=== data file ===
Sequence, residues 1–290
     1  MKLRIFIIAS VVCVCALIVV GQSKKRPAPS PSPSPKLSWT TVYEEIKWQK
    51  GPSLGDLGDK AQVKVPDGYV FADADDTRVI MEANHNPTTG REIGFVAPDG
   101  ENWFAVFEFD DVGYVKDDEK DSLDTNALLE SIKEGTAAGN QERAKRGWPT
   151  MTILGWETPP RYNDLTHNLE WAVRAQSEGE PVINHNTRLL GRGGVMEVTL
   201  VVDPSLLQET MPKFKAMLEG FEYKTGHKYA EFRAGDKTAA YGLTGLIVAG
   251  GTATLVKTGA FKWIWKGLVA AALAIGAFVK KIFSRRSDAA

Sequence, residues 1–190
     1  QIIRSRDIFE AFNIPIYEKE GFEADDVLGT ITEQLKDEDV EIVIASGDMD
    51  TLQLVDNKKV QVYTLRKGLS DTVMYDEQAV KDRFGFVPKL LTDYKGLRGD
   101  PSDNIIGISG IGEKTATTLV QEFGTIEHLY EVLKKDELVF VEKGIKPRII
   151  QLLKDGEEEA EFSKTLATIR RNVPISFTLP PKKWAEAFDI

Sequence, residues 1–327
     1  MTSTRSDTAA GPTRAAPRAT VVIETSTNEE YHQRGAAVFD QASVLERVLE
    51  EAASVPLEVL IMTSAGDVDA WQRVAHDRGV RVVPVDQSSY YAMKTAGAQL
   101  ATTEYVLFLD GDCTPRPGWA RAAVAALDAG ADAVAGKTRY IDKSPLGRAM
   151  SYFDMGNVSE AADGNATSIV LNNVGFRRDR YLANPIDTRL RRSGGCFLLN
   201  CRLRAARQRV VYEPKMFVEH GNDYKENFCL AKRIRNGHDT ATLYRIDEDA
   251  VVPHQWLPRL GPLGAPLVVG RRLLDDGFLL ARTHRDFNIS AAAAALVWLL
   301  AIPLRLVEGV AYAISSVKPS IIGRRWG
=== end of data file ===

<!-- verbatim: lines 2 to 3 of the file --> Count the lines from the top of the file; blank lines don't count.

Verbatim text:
     1  MKLRIFIIAS VVCVCALIVV GQSKKRPAPS PSPSPKLSWT TVYEEIKWQK
    51  GPSLGDLGDK AQVKVPDGYV FADADDTRVI MEANHNPTTG REIGFVAPDG